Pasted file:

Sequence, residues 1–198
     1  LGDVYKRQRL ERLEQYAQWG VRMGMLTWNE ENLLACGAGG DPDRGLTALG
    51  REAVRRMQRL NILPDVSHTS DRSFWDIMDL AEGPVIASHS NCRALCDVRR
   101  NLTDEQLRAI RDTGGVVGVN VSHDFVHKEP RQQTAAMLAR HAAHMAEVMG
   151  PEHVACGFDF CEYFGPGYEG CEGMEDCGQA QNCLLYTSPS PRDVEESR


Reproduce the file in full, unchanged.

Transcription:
Sequence, residues 1–198
     1  LGDVYKRQRL ERLEQYAQWG VRMGMLTWNE ENLLACGAGG DPDRGLTALG
    51  REAVRRMQRL NILPDVSHTS DRSFWDIMDL AEGPVIASHS NCRALCDVRR
   101  NLTDEQLRAI RDTGGVVGVN VSHDFVHKEP RQQTAAMLAR HAAHMAEVMG
   151  PEHVACGFDF CEYFGPGYEG CEGMEDCGQA QNCLLYTSPS PRDVEESR